EXCURSIONS: Anyone passing through Oslo has likely seen the fairy-tale-like castle perched on the slopes of the Bygdøy peninsula, just across the water from the busy E18 highway. It’s called Oscarshall, it re-opened to the public last year and can be the historic goal of a regal walk along Oslo’s waterfront.
The little castle, called a “lystslott” in Norwegian, was built purely for the pleasure (lyst) of the Swedish King Oscar I, when Norway was part of a political union with Sweden. He never lived in it after its completion in 1852 — the royals already had their palace at the top of Karl Johans Gate in Oslo and another summer retreat on Bygdøy, while King Oscar mostly resided in Stockholm — and it was opened to the public as early as 1881.
It since has been both opened and closed, in line with various restoration projects and special events (the royal family can still use it for their own purposes, and it’s become the site of concerts as well) but has been open most of this summer and is due to remain so at least on weekends (barring a few more special events) until September 26. Queen Sonja, for example, planned to host a reception and concert there on August 11, in connection with her annual international music competition.
Oscarshall can be admired from across the water while walking along the coastal path that begins just west of the Color Line terminal, at the Frognerkilen marina. It’s a fine walk, despite some traffic noise, later skirting the end of the fjord and continuing up along the royal fields at the entrance to Bygdøy. Turn left on the first dirt road you come to and follow signs to Oscarshall.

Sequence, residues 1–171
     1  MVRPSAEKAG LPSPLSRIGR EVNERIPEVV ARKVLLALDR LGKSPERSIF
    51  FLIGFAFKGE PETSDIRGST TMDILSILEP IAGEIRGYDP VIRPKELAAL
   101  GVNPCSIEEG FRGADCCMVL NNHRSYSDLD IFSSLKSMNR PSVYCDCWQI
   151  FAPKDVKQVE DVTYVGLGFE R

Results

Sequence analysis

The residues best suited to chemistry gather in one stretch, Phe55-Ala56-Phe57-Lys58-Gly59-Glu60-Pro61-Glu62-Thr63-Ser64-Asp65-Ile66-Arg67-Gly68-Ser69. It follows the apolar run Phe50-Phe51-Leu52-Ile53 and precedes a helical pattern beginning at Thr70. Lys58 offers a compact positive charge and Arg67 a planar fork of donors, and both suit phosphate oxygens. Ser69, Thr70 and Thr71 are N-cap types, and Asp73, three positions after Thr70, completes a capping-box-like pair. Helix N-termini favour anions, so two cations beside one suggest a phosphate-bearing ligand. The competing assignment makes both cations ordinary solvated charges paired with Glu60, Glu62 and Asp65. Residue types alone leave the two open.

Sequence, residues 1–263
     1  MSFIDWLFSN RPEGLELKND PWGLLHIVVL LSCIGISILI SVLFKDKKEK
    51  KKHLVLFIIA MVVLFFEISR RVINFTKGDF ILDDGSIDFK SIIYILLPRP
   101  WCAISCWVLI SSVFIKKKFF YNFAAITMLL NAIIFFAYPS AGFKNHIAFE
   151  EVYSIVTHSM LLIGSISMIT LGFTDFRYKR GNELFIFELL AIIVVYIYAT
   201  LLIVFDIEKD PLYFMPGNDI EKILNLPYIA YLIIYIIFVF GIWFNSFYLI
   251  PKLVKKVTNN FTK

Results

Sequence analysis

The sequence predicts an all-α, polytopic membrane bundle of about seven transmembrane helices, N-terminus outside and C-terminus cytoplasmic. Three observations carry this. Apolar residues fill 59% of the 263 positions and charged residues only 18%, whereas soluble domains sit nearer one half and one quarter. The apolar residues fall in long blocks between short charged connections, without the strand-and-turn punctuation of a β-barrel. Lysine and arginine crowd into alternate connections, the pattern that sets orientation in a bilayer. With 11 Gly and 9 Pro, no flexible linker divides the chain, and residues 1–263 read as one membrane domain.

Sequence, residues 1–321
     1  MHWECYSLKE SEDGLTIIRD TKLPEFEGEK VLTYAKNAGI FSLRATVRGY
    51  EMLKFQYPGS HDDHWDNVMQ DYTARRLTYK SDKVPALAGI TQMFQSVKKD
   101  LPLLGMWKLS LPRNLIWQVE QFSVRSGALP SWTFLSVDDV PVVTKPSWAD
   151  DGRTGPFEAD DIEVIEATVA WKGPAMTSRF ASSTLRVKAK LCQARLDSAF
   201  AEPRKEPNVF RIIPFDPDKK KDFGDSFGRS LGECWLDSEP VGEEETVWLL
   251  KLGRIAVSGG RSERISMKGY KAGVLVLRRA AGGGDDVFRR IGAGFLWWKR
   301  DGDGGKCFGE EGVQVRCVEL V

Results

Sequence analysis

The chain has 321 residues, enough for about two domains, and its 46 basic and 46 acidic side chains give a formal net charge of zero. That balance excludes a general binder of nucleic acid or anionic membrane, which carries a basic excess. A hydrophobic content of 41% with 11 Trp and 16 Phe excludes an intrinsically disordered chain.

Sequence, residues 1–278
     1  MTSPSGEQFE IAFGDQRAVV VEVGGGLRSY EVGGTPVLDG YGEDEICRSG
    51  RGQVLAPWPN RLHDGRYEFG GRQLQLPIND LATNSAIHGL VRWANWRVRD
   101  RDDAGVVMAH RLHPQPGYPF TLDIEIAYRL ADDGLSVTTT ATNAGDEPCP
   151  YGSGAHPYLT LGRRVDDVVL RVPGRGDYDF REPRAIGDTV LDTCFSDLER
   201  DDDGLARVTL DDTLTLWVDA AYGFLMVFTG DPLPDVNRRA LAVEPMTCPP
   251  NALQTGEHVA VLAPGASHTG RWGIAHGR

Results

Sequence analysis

The castle underwent a major restoration that cost taxpayers NOK 115 million and took four years to complete. Visitors have to pay another NOK 70 to take the mandatory guided tour and stroll around the grounds, but many have been doing so and Oscarshall has become a popular attraction.
Its architecture is unusual in Norway, influenced by southern European and German “new gothic” design that was considered “modern and trendy” at the time, according to Liv Bog of the Royal Palace who’s been responsible for the Oscarshall project. She told newspaper Aftenposten recently that the castle is “special” because of its continental influence, noting that Oscar I was born in Paris and his wife Josephine’s father was a Bavarian duke.
The castle was clearly designed for summer use, with its dining room separate from the main building, thus necessitating a trip outdoors to reach it. Once there, visitors can admire wall paintings by Joachim Frich and Adolph Tidemand, displaying Norwegian landscapes and rural life.
More paintings are found inside by Hans Gude in addition to the carved woodwork and stained glass.
Views ease admission sting
The views over the water and back to town are arguably worth the admission price, although the guides can have a tendency to hurry visitors along so there’s not much time to linger on the roof-top terrace. But you’ll see Oslo and the hills up to Holmenkollen from a unique angle, not to mention all the maritime traffic on the fjord.
There’s no limit on how long you can can stroll in the gardens, or sit on the benches there on a sunny day. There’s a small gift shop in the annex where tickets are sold.
The Norwegian Folk Museum and its bus stop back to town are only another short walk away, along the same trail, or visitors can turn around and stop for refreshments at the also-recently renovated Rodeløkken Café (Oscarshall’s nearest neighbour) on a return walk to town.